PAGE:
- Use a butter knife to slide under the thin membrane on the back of the pork ribs. Lift and wiggle the knife carefully to pull it off. You’ll need a good grip. After a few initial swipes, the membrane should easily pull off the back with a tug. To make it easier to pull, use a paper towel instead of your
- Once the membrane is fully removed, cut the racks in half if needed to fit in your grill.
- Liberally season all sides of the meat well with the spice mix.
- Wrap the meat in plastic wrap or foil and refrigerate for 8 – 12 hours.
Smoke the ribs
- When you are ready to cook, prep your smoker by arranging the coals for indirect heat. Preheat to 250 degrees. Place a drip pan below where the meat will sit.
- Add a few chunks of lump hardwood over the hot coals and wait for the dirty smoke to cook off before moving on. Thin blue smoke creates a delicious smoked flavor, but the dark white or grey smoke (dirty smoke) can make meat taste acidic.
- When the grill is ready to go, add the racks of ribs directly over the water pan.
- Cover and cook your meat for about an hour. Keep an eye on the temperature during the smoking process.
- Baste, or spritz, the ribs with apple cider vinegar.
- Return the cover and cook for another hour to an hour and a half. Continue to watch the grill’s temperature and adjust the air vents if needed.
- Baste or spritz the meat with more apple cider vinegar or mop throughout the cooking process.
- When the ribs are close to done, baste them one last time and sprinkle the spice mix you set aside over the meaty side of the ribs just to add a bit more kick to the smoky bark.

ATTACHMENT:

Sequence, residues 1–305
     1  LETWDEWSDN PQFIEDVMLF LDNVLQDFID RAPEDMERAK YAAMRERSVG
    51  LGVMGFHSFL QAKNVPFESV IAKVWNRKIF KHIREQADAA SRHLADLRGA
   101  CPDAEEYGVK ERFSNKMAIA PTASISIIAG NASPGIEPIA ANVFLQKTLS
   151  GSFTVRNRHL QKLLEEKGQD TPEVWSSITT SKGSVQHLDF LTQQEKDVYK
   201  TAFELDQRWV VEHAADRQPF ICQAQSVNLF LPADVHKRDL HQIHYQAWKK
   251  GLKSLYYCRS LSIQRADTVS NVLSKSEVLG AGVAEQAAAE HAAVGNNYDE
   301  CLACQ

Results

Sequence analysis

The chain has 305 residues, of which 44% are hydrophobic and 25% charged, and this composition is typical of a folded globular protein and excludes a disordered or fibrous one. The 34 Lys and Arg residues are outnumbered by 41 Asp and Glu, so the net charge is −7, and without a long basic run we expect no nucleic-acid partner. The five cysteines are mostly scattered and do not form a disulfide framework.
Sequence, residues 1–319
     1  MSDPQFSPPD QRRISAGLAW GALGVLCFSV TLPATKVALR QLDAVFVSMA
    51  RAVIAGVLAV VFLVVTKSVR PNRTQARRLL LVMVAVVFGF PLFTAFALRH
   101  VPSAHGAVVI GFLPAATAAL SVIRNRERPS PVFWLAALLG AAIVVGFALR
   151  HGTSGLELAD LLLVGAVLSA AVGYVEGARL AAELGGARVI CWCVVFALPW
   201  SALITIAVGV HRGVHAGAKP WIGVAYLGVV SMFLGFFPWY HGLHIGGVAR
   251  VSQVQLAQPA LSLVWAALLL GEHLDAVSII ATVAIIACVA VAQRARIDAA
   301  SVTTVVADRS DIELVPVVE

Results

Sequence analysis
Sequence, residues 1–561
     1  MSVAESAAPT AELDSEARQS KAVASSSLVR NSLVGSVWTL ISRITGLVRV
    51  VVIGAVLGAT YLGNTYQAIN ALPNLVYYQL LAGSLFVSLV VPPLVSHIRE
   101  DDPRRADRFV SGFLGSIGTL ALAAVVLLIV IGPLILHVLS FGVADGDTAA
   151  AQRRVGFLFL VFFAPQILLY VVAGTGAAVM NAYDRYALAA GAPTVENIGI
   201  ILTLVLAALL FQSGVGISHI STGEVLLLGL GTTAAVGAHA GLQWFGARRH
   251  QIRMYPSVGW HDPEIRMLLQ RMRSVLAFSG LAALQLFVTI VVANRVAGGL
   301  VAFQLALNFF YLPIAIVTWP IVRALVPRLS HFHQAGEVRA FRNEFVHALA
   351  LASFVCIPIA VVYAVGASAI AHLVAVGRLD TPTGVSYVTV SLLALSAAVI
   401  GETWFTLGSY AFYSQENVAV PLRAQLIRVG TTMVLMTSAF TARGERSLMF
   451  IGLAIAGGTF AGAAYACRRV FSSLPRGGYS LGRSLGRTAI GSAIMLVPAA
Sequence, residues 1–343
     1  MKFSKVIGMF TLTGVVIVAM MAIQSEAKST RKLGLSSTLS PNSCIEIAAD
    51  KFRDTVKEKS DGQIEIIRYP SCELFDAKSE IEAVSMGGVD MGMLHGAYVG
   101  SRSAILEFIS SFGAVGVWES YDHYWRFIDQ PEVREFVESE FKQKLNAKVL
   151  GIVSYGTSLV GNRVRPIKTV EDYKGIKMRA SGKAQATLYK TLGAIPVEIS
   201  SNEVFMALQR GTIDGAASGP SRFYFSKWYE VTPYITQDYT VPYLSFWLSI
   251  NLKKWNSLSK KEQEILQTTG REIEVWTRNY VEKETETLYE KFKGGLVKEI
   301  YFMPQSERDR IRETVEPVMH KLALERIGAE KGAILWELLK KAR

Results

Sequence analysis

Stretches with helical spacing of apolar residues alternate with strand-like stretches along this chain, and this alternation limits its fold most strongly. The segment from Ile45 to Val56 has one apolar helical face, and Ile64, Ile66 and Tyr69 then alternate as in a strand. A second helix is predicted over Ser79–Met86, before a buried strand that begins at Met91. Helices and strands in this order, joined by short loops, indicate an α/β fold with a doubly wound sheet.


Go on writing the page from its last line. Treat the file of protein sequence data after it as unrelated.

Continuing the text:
- Your meat is done when it is fork-tender and has pulled back from the bones, and the internal temperature reaches 190 degrees F with a digital meat thermometer.
GirlCarnivore Expert tips for this spare ribs recipe
- These Spare ribs cook best at a low temperature for a long period of time. Whether using a charcoal grill, electric smoker, or pellet smoker, cook them at 225 to 250 degrees F. These will cook for about 3 – 4 hours, but keep your eye on them periodically. Set a timer if this is your first time, so you don’t forget about them.
- Use a spray bottle to spritz your apple cider vinegar mop onto the bone ribs. It’s the best way to coat the meat evenly and spread that smoky flavor around well. Spritz the meat multiple times for extra moisture and flavor based on personal preference. The mop helps to keep the meat moist and add humidity to the cooking environment.
What to serve with smoked spare ribs
White bread and a pickle go a long way with these finger-licking ribs, but we also love our smoked mac and cheese, slaw, beef tallow fries, or smoked pulled pork and beans. All of these options are perfect sides for the rib rack! You’ll have plenty of time to whip them up during the smoking process.
How to store Leftover ribs and reheating
Store leftover spare ribs wrapped in foil in the refrigerator for up to 4 days. To reheat, preheat the oven to 325 and, still wrapped in foil, place the ribs in the oven until heated through, 10 to 15 minutes.
Alternatively, scrape the pork from the bones and enjoy the meat in various dishes. The leftovers are also pretty amazing for breakfast the next morning in hash! Who doesn’t love a tasty and filling breakfast packed with flavor?